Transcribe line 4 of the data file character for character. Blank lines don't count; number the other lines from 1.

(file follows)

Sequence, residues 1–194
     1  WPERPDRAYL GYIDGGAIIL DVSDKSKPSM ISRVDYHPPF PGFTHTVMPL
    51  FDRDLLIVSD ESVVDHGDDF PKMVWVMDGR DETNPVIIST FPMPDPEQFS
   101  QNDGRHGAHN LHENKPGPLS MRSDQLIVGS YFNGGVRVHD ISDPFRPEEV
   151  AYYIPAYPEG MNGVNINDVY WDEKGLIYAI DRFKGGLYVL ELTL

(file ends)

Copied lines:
   101  QNDGRHGAHN LHENKPGPLS MRSDQLIVGS YFNGGVRVHD ISDPFRPEEV